Wednesday, August 31, 2011

How to find free e-books for your Kindle using Google

Don’t waste your time with torrents. Google already indexes the locations of many ebooks, you just need to know how to find them.

Just enter your search using the form intitle:index.of Moby Dick epub mobi — replace Moby Dick with your desired title or keyword. This search will turn up file listings with direct downloads for (hopefully) ebooks. You may, in fact, get many more ebooks than just the one you were searching for.

If clicking on a search result gives you some kind of “access denied” message, just go back to the Google search result and click where it says Cached to access the copy Google cached before the file listing was made private. Usually the download links from these cached listings still work.

Kindles don’t support the epub format, so if that’s all you can find, you’ll need to convert it to MOBI format using Calibre.

Thursday, August 18, 2011

How to use Markdown in Blogspot posts

If your blog is hosted on running Blogspot and you want to use Markdown for your posts, here’s how to do it and future-proof your writing in the process.

  1. Write your posts in a text editing program on your computer and save them on your computer. (I use a yyyy-mm-dd post title.txt format)
  2. Then copy and paste the text into the online Markdown processor and click Convert to generate HTML. (Set "Filter" to "both" for extra typographic goodness.)
  3. Finally, copy and paste the HTML into a new post in Blogspot.

This has two advantages. First, it future-proofs your blog. No matter what happens, if Blogger ever gets shut down or becomes undesirable to use for any reason, in ten years you’ll still have a very useable copy of all your writing. Second, a text-editing program is much less likely to crash than your browser. This approach eliminates the risk of a browser crash causing you to lose large amounts of work.

Getting Blogspot to play nice with your Markdown-generated HTML

This is the area people seem to have trouble with, but it’s really quite simple.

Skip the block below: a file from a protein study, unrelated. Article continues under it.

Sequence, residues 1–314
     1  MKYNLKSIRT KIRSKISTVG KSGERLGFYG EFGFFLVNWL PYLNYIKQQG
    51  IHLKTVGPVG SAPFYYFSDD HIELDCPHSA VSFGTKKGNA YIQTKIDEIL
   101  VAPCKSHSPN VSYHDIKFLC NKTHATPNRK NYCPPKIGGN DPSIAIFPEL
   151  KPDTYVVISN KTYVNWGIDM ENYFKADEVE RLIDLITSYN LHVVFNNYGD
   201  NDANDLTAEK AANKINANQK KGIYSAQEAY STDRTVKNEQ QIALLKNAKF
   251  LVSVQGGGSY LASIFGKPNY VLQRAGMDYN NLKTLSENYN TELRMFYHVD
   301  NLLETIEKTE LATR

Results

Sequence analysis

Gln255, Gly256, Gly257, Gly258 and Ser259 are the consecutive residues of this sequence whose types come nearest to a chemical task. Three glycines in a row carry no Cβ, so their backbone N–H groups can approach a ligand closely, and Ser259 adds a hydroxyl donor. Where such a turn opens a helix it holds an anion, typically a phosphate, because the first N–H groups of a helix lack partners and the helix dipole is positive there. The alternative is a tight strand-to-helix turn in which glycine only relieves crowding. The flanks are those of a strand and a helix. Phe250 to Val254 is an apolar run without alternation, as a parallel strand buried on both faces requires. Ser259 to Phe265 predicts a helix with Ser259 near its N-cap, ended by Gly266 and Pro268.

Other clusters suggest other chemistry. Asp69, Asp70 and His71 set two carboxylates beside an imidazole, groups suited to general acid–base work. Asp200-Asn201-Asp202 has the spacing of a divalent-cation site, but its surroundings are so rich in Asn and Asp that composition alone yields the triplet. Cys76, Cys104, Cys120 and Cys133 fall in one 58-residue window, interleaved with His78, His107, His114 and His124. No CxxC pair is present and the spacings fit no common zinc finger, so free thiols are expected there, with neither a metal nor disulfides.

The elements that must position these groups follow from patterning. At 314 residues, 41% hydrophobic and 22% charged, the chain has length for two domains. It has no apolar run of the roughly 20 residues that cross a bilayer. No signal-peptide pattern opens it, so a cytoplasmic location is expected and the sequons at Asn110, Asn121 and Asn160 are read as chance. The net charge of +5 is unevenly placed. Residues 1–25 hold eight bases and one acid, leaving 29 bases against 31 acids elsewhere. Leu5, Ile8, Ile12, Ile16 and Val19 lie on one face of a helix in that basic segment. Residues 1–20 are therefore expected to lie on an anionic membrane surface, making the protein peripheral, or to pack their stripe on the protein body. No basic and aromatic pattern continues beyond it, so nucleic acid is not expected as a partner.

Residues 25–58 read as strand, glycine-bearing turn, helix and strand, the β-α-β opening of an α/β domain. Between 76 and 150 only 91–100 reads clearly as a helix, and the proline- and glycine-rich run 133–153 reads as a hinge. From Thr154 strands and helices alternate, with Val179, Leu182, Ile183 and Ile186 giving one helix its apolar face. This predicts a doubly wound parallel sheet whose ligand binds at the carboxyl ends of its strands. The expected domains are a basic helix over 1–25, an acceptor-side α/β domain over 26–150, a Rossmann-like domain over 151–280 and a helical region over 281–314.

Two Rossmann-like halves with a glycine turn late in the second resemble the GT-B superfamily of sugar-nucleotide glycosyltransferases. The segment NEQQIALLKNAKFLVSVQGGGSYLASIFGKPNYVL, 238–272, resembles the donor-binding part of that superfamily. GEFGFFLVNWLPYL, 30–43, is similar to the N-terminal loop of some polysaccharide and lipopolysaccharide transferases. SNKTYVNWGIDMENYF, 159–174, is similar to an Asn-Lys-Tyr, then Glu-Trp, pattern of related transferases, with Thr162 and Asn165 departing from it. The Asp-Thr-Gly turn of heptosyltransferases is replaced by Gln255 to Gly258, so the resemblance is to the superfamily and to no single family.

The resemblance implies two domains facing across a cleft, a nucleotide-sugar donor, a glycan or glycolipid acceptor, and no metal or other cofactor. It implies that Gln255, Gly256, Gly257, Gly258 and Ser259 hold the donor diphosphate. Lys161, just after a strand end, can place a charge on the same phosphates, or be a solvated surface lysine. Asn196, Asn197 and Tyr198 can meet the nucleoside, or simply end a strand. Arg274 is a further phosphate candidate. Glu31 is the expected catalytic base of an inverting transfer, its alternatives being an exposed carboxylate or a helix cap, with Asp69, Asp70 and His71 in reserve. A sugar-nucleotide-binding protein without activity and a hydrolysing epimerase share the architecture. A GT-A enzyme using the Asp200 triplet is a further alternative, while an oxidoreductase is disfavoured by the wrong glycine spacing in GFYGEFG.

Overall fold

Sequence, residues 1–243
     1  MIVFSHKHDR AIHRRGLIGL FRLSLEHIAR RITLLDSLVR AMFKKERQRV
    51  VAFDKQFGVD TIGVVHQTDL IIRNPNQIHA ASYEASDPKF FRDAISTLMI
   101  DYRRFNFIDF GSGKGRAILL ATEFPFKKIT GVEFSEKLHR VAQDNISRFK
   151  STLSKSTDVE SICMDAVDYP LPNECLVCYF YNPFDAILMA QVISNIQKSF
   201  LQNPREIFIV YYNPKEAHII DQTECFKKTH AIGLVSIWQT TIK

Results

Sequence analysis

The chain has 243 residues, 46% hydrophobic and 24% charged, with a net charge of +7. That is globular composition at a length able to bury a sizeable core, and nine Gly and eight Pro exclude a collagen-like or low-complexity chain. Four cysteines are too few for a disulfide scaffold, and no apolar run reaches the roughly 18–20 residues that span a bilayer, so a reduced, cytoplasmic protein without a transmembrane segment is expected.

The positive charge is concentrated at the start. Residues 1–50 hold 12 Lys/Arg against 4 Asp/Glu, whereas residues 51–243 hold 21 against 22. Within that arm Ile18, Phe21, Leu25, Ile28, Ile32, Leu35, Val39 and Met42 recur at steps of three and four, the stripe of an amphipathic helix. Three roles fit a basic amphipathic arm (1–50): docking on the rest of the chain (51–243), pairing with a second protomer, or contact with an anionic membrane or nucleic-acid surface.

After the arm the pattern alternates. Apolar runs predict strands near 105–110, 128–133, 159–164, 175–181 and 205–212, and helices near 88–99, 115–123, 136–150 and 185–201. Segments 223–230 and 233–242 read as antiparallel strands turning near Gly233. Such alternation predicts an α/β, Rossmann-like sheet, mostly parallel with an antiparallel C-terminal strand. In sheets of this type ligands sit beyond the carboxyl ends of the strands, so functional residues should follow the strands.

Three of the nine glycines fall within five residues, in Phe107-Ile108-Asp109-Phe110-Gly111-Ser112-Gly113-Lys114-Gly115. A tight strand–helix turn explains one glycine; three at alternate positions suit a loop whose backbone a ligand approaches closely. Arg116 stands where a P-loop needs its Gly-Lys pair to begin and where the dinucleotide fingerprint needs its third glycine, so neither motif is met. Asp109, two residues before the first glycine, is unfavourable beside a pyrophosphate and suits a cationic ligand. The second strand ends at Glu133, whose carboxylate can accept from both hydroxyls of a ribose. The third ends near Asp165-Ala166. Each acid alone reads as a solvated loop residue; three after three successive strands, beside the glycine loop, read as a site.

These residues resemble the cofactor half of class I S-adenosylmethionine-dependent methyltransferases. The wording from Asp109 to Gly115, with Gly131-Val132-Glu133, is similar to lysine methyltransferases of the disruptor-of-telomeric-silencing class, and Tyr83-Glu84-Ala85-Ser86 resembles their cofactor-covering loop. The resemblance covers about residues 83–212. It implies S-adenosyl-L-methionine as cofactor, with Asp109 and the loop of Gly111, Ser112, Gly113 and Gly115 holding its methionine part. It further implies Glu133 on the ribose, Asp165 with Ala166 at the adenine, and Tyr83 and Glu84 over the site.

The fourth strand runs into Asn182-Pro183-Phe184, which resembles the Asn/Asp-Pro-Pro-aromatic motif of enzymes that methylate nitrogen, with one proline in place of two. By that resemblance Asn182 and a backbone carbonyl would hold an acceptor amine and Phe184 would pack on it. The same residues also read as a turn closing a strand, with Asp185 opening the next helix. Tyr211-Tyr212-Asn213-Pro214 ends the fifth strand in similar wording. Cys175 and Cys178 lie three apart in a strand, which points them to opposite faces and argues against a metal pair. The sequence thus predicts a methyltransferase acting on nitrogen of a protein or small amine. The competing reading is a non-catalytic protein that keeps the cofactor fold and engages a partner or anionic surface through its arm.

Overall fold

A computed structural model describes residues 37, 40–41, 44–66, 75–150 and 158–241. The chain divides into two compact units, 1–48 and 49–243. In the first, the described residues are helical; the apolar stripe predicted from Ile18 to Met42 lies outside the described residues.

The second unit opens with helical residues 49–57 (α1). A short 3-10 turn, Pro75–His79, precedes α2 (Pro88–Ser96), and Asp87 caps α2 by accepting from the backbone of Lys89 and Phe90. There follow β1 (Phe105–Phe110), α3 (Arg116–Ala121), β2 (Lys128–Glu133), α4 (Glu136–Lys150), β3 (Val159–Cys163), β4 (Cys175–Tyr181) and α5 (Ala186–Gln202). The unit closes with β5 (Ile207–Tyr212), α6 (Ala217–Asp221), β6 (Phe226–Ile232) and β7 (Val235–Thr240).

1. In Blogspot, go to Settings tab, then the Formatting section. Set “Convert Line Breaks” to No.
  2. In your New Posts,
    • Make sure you are using the “Edit HTML” tab
    • Under “Post Options” (at the bottom) make sure
      • “Edit HTML Line Breaks” is set to Use <br /> tags
      • “Compose Settings” is set to Interpret typed HTML

It’s that simple really. Now you can paste in your Markdown-generated HTML without getting extra linebreaks or other wierdnesses.

Solution for persisting "Windows created a temporary paging file on your computer" error

Solution for persisting “Windows created a temporary paging file on your computer” error

My Windows 7 laptop began displaying a notification/error every time I logged in:

Windows created a temporary paging file on your computer because of a problem that occured with your paging file configuration when you started your computer. The total paging file size for all disk drives may be somewhat larger than the size you specified

After clicking OK, it would open the virtual memory settings without any explanation of what you were supposed to check or do there.

This evidently happens because pagefile.sys, the file that Windows uses for virtual memory, has become corrupted in some way.

This Microsoft Answers article recommends running an SFC (system file check). Here’s how to run an SFC. This did not solve the problem for me, but it is something you should try first.

Here’s how I cleared it up:

  1. Log in under a local Administrator account. (Do this after each restart in these instructions as well.)
  2. If it’s not already open, open the virtual memory settings by rich-clicking on Computer, → PropertiesAdvanced System Settings → click the Advanced tab → Under Performance, click Settings, go to Advanced tab, finally under Virtual Memory section click the Change button.
  3. Uncheck the Autmatically manage paging file size for all drives checkbox.
  4. Set a “Custom size” for the paging file on the C drive: 0MB initial, 0MB maximum.
  5. Click OK, close all dialog boxes, and restart your computer.
  6. After logging in again, delete the file C:\pagefile.sys
    1. To do this, you may need to change your folder settings so you can see it first. Open a window of your C: drive and click Organize at the top, then Folder and Search Options
    2. Click the View tab, and make sure Show hidden files, folders and drives is turned on, and that Hide protected system files is not checked.
    3. Click OK and go back to your C: drive, find pagefile.sys and delete it.
  7. Now go back to the virtual memory settings (see step 2 above) and set the paging file for the C: drive to System managed size, and then make sure the Automatically manage paging file size for all drives checkbox is checked.
  8. Click OK, close all dialog boxes, and restart your computer.

A summary of what this does: By temporarily turning off virtual memory, you allow yourself to delete the (now-corrupt) paging file. Then when you re-enable virtual memory, Windows automatically builds a new paging file from scratch, and voilĂ , problem solved.

I was helped by this thread at although I did not find it necessary to do any editing of the Registry or any of that jazz. Try the simplest solution first, I always say.